Nordic IT Security Summit Logo

Secure Mobile Banking: Build38 present at the Nordic IT Security Summit

Secure Mobile Banking: Build38 present at the Nordic IT Security Summit

Cybersecurity event for the financial sector

Cyberattacks are occurring more and more frequently around the world. Especially banks and financial institutions are very much affected. To support the financial sector on cybersecurity, the Financial Institutions Edition of the annual Nordic IT Security (NITS) Summit has been launched. This will provide a platform for the fintech, e-commerce and mobile banking industries, offering an optimal opportunity for networking and mutual exchange. The event will take place on April 15 and 16, 2021. In total, many industry leaders will participate in the Summit, outlining their visions and sharing valuable business insights. It will also be possible to browse virtual exhibitions, in which the latest technologies are presented. Build38, an expert in mobile banking app security, is also part of the digital event.

Especially due to the Corona situation, mobile payment is used even more frequently by customers. At the same time, it has also brought it increasingly into the focus of cybercriminals, who hack banking apps to gain access to customers' personal payment data. However, this risk can be eliminated with the early integration of a multi-layered security framework that includes all necessary security functions. Build38 has developed such a framework, which prevents known and unknown attacks at all times and thus optimally secures banking apps. In line with the Shift Left Security approach, the Software Development Kit (SDK) can be integrated in a very short time during the early development phase. This ensures security from the outset. During the event, attendees will be able to learn in-depth about Build38's Trusted Application Kit (T.A.K).

Further information about the event can be found here:






eHealth apps already without security risks and side effects

Goodbye to security and data protection problems

We are currently experiencing a boom in eHealth apps. Some apps accompany patients during certain illnesses, provide information and offer support, while other apps help with weight loss, exercise or serve as a means of communication between health insurers and customers. Soon there will also be the e-prescription and the electronic patient file. What all these apps have in common is the need for maximum security. In the case of the electronic patient file in particular, there is currently a lot of discussion about security and data protection. But if these factors were taken into account appropriately during the development process, there would be no need to worry about them. Appropriate solutions that take all important security aspects into account are already available on the market.

Comment by Dr. Christian Schläger, Managing Director of Build38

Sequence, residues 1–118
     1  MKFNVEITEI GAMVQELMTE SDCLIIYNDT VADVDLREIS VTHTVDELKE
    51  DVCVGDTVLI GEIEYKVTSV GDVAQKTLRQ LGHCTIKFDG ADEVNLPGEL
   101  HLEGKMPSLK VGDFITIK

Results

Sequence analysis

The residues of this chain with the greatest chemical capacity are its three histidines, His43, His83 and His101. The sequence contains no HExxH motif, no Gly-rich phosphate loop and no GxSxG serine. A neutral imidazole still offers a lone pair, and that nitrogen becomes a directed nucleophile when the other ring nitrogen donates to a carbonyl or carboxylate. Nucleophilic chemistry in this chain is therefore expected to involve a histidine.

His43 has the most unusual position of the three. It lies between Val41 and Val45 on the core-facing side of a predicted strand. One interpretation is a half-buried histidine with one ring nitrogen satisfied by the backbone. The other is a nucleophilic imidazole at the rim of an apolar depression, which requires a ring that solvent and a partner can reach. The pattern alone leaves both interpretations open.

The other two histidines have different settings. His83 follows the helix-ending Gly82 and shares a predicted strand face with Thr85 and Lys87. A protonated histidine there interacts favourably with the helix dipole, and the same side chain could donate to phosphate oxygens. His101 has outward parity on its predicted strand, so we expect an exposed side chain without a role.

Of course, it is of paramount importance that apps – especially eHealth apps – are sufficiently protected against cyberattacks. In healthcare and also in apps, a lot of sensitive and personal data is processed which is extremely worth protecting. For example, diabetics enter their measured blood glucose levels, or people who are about to lose weight note their weight and have their body mass index calculated. The fact that this data is not intended for everyone probably does not need to be mentioned here. That's why we can understand why users are currently focusing on the security and data protection of these apps.

Security is often neglected in app development

Nevertheless, the security aspect is often initially neglected during app development due to a lack of expertise, time and budget. Before thinking about establishing certain security measures, many companies give top priority to the design and the fastest possible launch date. If an app is then launched under this assumption, it usually does not offer sophisticated protection against data theft, app cloning or other cyberattacks.

It's so easy to integrate security into apps right from the start. The days when large sums of money had to be invested and it took an extremely long time to secure an app 100 percent are over. In the meantime, there are modern and more cost-effective alternatives in the form of frameworks that can be integrated during app development in a short time. Such frameworks can prevent attacks and unauthorized access, so that sensitive data can never fall into unauthorized hands.

This should make it possible to finally remove all concerns about security and data protection.





Gebäude TÜV Austria

Mobile app security through security framework: Build38 enters into distribution partnership with TÜV AUSTRIA subsidiary SPP

Mobile app security through security framework: Build38 enters into distribution partnership with TÜV AUSTRIA subsidiary SPP

Expansion of the partner network in the DACH region

Munich, February 23, 2021 – With the number of mobile applications growing every day, the topic of app security plays an important role worldwide. Attacks, in which cybercriminals gain access to apps via security vulnerabilities and thus obtain sensitive data, occur again and again. To solve this global problem and make apps secure, Build38 has developed a Software Development Kit (SDK) that includes a collection of essential security features. To make its SDK available to even more companies in the future, the solution provider is pursuing the expansion of its partner network. By cooperating with the reseller SPP, a wholly owned subsidiary of the TÜV AUSTRIA Group, Build38 is taking another important step in this direction.